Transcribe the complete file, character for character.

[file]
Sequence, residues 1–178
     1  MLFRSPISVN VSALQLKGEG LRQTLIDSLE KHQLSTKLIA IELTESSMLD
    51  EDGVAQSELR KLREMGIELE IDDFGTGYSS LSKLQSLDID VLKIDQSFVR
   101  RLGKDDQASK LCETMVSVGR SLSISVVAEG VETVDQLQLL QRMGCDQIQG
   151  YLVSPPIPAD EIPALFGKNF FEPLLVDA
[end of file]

Sequence, residues 1–178
     1  MLFRSPISVN VSALQLKGEG LRQTLIDSLE KHQLSTKLIA IELTESSMLD
    51  EDGVAQSELR KLREMGIELE IDDFGTGYSS LSKLQSLDID VLKIDQSFVR
   101  RLGKDDQASK LCETMVSVGR SLSISVVAEG VETVDQLQLL QRMGCDQIQG
   151  YLVSPPIPAD EIPALFGKNF FEPLLVDA